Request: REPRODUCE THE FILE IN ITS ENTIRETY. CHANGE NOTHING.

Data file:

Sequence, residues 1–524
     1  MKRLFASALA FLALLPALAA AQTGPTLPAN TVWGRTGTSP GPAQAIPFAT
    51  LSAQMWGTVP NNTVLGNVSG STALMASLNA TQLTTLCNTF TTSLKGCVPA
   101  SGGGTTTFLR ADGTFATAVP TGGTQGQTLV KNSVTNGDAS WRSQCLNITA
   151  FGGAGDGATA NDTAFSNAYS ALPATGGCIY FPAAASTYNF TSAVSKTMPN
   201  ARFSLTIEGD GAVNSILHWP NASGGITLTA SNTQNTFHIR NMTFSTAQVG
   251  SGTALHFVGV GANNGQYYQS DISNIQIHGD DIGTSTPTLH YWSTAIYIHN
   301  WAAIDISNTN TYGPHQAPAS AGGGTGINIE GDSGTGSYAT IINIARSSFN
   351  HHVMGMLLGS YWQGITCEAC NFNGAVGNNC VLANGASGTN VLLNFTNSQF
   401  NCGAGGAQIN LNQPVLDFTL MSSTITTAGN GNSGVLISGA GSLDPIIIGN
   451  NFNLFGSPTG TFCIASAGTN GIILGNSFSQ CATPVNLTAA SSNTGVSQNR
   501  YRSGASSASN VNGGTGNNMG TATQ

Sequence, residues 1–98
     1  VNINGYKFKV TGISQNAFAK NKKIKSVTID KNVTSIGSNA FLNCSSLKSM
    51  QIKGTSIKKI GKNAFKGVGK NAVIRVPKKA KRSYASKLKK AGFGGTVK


Sequence, residues 1–524
     1  MKRLFASALA FLALLPALAA AQTGPTLPAN TVWGRTGTSP GPAQAIPFAT
    51  LSAQMWGTVP NNTVLGNVSG STALMASLNA TQLTTLCNTF TTSLKGCVPA
   101  SGGGTTTFLR ADGTFATAVP TGGTQGQTLV KNSVTNGDAS WRSQCLNITA
   151  FGGAGDGATA NDTAFSNAYS ALPATGGCIY FPAAASTYNF TSAVSKTMPN
   201  ARFSLTIEGD GAVNSILHWP NASGGITLTA SNTQNTFHIR NMTFSTAQVG
   251  SGTALHFVGV GANNGQYYQS DISNIQIHGD DIGTSTPTLH YWSTAIYIHN
   301  WAAIDISNTN TYGPHQAPAS AGGGTGINIE GDSGTGSYAT IINIARSSFN
   351  HHVMGMLLGS YWQGITCEAC NFNGAVGNNC VLANGASGTN VLLNFTNSQF
   401  NCGAGGAQIN LNQPVLDFTL MSSTITTAGN GNSGVLISGA GSLDPIIIGN
   451  NFNLFGSPTG TFCIASAGTN GIILGNSFSQ CATPVNLTAA SSNTGVSQNR
   501  YRSGASSASN VNGGTGNNMG TATQ

Sequence, residues 1–98
     1  VNINGYKFKV TGISQNAFAK NKKIKSVTID KNVTSIGSNA FLNCSSLKSM
    51  QIKGTSIKKI GKNAFKGVGK NAVIRVPKKA KRSYASKLKK AGFGGTVK